Home shoppers now can log onto JungleListings.com and see for-sale-by-owner homes in the Baton Rouge, La., area. And if any of those prospective home buyers want to apply for a mortgage, that’s easy enough to do. United Companies Mortgage Corp., after all, owns the site.

Homeowners wanting to sell their homes themselves can list them on the Web site for free, complete with photos and virtual tours.

The site is one example of a new product that lets FSBO homeowners get free marketing through mortgage brokers. Mortgage brokers in turn hope that exposure will spur home buyers to use their services. FSBOs may be taboo for real estate agents, but not for mortgage brokers who want nothing more than to make loans to anyone who qualifies.

The product was designed for mortgage brokers looking for ways to expand their businesses given dropping refinance volumes, said Warren Myer, CEO of Myers Internet, the company that provides the technology. Mortgage brokers own the sites and can upload pictures of FSBO properties, add links to virtual tours and provide detailed property descriptions. By doing so, they can market those properties to prospective home buyers, pre-qualify home buyers interested in those houses and potentially originate a mortgage for the next home the seller buys.

Securing future clients was United Companies’ main hope in providing the JungleListings Web site, said Leigh Ann Fuentes, chief operations officer of United Companies Mortgage Corp.

“The only thing we really get out of it is if they’re satisfied how we’ve handled everything, they would hopefully refer their buyers to us,” Fuentes said.

FSBO owners’ reactions so far have been positive, Fuentes said. They’ve appreciated the free publicity and some have referred buyers to United Companies. The company “absolutely plans to continue” the service, she said.

Although some real estate agents do market to FSBO owners, it’s not a marketing technique that many mortgage brokers have considered, Myer said.

Myer estimates mortgage brokers can generate as many as 20 to 50 leads per FSBO home listing. With the program, Myer said, mortgage brokers are simply providing more exposure to those properties, which aren’t normally marketed beyond newspapers, yard signs and a few FSBO specific Web sites.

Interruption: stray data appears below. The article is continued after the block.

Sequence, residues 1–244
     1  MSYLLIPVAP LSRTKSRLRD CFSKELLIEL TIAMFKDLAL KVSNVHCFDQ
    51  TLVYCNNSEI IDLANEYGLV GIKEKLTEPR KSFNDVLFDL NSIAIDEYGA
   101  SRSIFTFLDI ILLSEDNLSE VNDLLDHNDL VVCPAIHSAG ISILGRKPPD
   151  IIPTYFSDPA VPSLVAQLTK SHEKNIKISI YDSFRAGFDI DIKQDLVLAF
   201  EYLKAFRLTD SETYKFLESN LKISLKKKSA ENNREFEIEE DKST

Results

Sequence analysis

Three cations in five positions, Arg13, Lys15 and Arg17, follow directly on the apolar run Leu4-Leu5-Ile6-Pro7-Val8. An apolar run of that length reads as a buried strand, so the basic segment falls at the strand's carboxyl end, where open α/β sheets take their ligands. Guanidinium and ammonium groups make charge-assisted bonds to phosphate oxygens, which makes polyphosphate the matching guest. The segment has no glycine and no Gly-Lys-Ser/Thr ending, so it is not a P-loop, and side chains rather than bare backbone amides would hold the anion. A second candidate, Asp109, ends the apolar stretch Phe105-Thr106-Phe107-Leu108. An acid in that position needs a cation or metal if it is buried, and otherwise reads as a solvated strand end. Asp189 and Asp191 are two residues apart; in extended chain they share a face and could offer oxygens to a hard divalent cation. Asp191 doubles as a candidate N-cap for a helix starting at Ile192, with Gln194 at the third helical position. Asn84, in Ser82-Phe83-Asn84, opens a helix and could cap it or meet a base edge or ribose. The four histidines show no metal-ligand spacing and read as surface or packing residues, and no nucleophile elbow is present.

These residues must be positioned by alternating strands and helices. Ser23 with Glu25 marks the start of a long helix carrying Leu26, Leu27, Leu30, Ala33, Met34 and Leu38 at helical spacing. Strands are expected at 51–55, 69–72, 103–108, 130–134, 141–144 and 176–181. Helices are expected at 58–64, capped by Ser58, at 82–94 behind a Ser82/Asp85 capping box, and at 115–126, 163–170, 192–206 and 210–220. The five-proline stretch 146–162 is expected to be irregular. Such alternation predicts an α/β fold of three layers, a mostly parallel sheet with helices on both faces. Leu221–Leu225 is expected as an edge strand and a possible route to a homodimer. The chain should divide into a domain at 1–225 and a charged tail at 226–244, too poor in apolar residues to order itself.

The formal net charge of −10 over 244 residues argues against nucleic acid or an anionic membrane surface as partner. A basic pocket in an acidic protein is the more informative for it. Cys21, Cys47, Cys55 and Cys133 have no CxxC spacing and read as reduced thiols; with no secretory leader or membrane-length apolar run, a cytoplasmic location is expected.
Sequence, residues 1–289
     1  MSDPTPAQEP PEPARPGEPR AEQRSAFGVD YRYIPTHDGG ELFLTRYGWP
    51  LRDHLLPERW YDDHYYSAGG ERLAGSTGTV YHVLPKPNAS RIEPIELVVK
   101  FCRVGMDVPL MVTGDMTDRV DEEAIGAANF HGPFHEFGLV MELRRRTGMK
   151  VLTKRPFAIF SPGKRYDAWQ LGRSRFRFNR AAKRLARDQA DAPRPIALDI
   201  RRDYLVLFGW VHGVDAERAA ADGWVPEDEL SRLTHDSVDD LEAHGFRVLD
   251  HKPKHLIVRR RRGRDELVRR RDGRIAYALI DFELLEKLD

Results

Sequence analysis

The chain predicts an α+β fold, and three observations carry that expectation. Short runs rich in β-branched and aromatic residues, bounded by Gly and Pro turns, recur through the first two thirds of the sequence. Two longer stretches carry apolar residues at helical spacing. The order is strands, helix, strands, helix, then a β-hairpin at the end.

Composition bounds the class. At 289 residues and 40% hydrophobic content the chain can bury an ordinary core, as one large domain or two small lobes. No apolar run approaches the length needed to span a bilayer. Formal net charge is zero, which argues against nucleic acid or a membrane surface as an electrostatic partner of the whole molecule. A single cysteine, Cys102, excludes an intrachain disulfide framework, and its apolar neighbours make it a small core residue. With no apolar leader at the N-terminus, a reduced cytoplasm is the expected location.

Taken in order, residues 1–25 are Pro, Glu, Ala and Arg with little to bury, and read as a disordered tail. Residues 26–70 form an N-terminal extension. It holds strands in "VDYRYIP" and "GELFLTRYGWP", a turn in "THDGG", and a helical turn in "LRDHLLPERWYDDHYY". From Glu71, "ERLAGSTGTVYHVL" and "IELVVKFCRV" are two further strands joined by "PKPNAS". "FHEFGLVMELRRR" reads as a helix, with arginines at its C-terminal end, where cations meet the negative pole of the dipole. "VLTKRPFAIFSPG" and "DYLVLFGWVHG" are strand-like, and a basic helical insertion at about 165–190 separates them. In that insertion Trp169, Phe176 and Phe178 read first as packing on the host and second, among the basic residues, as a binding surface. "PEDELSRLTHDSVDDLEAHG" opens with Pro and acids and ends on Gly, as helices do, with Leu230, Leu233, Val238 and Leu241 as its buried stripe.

Owners of FSBO properties also benefit from having pre-qualified potential borrowers viewing their homes, not simply anyone off the street, Myer said. That can help establish a relationship and may lead to the owners using those mortgage brokers when they’re looking to buy another home.

And if the FSBO owners aren’t able to sell their houses on their own, as often happens, the mortgage broker can refer them to real estate agents. That’s a big reason why Myer doesn’t view the Web site as something realty agents should see as competition.

Besides, he said, since FSBO owners are going to try and sell their houses on their own anyway, it only makes sense to tap into that market.

Myer has only just begun marketing the new service, which has been available for about the past three months to select mortgage brokers. He’s promoting it at trade shows and informing the company’s 4,000 owners of mortgage broker Web sites.

The FSBO/mortgage broker Web site has a $199 set-up fee and a monthly fee of $199. Brokers also can sign up for a $39 a month service that provides them with a daily list of new FSBO listings, including the name, phone number and address. After receiving that information, it’s up to the brokers to contact the owners about listing their house on the Web site.

Brokers also can opt to find the listings themselves and then contact the owner.

Fuentes said United Companies wanted to tap he for-sale-by-owner market as one more potential revenue stream. They’d been thinking about the idea for awhile and about two months ago finally launched their Web site.

“As much business as we can get, we’re going to try and get,” Fuentes said. “That was just something out there that a lot of companies do not explore and so we decided to do it.”


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